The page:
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TOD Finance:  Why Finance Matters

While the world of finance may seem complex, it is an incredibly important aspect of development. In all cases, the financial details of a project dictate its scope—if and how it will be constructed, the amount of affordable housing it may contain, and the rate of return, which is important for non-profit and for-profit developers alike. The significance of such details lies in how they shape a project’s bottom line. Regardless of tax status, those looking to develop must grasp how finance translates vision into physical structures, determining both their aesthetic and functional qualities. To better understand transit-oriented development then, to discern the variables and considerations that fundamentally determine a finished product, we must explore the oft-overlooked world of development finance.

The following illustration demonstrates why financial matters are so important: In July 2021, the City of Seattle passed a new law allowing affordable housing to be built in underutilized church parking lots, but a key change in the resolution lowered the rents that could be charged from 80 percent Area Median Income (AMI) to 60 percent AMI. A University of Washington analysis of the new law found that the financing, even for a religious organization not looking to make a profit, became unfeasible with the change. Because money must be borrowed to pay for projects, at a current, typical interest rate of 3.75 percent, a 2.9 percent return from units restricted at 60 percent AMI would mean that the church would face expenses greater than the revenues derived from the project. See Table 1.  If the rent for the new units was set at 80 percent AMI, however, the yield would be 4.9 percent—a razor thin margin keeping the church from losing money or needing to continually subsidize the project.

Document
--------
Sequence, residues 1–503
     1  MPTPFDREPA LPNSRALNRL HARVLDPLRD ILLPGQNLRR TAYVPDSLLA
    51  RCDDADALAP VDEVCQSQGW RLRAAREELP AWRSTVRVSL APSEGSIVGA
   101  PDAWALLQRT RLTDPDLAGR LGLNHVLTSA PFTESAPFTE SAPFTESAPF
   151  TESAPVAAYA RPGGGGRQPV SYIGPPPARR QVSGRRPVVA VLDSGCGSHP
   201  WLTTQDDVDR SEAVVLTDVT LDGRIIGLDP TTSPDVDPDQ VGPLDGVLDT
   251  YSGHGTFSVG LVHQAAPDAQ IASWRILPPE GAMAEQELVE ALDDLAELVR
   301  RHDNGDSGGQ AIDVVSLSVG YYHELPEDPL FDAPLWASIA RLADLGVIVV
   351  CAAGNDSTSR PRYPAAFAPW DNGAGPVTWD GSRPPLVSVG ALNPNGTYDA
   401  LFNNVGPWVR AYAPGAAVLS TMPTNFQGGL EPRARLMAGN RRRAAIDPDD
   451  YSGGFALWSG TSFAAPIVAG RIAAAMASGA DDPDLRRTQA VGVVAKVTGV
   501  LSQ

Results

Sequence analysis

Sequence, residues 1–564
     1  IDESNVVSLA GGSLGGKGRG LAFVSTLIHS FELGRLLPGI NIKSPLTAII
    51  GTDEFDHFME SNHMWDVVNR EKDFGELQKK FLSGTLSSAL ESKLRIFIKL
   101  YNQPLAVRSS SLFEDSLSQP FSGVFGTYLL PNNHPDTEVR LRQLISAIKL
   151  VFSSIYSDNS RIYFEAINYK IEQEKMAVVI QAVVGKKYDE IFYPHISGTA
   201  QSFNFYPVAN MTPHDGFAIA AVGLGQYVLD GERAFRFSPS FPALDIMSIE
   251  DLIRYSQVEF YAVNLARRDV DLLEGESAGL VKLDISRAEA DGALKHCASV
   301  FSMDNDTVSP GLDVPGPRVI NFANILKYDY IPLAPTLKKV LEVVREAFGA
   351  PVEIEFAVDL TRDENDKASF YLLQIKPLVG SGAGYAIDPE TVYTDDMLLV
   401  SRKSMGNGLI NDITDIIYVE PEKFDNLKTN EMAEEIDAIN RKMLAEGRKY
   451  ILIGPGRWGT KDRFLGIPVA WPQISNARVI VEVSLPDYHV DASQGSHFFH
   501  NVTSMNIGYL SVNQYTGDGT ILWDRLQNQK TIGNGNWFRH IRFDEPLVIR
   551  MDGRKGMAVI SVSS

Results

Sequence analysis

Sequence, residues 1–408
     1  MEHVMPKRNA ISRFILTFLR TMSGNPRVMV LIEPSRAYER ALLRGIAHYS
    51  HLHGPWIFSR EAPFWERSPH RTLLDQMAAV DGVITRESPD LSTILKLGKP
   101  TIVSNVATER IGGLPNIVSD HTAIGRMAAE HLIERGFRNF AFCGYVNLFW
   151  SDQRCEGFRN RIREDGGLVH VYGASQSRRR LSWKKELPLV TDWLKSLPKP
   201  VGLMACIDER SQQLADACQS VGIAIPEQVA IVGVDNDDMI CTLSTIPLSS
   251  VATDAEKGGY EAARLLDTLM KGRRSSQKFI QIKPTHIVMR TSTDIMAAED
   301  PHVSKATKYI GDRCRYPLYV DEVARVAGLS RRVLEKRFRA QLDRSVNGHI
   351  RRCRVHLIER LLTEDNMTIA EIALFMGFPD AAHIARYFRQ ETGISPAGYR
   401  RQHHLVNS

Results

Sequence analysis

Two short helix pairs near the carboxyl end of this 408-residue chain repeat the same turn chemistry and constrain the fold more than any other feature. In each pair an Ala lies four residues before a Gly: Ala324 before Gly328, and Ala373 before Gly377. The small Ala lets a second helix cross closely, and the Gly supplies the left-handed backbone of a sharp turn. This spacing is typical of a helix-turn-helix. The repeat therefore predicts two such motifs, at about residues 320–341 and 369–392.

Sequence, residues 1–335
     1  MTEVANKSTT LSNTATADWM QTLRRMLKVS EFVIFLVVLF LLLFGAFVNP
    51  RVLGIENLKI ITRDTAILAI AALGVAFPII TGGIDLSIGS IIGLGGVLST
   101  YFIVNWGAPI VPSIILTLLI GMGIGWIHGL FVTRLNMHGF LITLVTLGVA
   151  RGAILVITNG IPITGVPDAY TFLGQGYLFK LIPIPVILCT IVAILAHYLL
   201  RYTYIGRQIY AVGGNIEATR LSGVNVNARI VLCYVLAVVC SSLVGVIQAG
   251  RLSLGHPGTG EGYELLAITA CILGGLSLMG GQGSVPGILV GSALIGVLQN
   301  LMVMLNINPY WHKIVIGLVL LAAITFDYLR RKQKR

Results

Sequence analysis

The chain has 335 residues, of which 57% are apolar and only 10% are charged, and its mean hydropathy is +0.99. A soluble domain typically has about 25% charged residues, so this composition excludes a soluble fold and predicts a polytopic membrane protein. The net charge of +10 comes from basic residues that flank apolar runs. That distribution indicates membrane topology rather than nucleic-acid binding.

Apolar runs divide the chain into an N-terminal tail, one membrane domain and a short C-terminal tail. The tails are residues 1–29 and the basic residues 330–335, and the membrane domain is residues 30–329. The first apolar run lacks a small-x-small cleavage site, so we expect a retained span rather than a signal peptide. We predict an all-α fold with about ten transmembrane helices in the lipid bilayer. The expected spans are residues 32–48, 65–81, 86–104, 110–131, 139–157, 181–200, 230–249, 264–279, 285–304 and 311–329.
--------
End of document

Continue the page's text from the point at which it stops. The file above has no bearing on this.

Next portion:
Table 1. Affordable Housing in Seattle

When looking at the financing of TOD, projects typically follow one of three distinct models, which will be explained consecutively, in detail, throughout this article:

  • Private Development—Led by private business, typically creating market-rate housing, and, by far, the broadest category.
  • Joint Development—When a transit agency partners with a private developer to create an improvement on agency-owned land, such as leasing park-and-ride space for a TOD.
  • All-affordable TOD—A type of development in which private developers, non-profits, and/or government agencies create a project with entirely-subsidized units. This can also occur through Joint Development.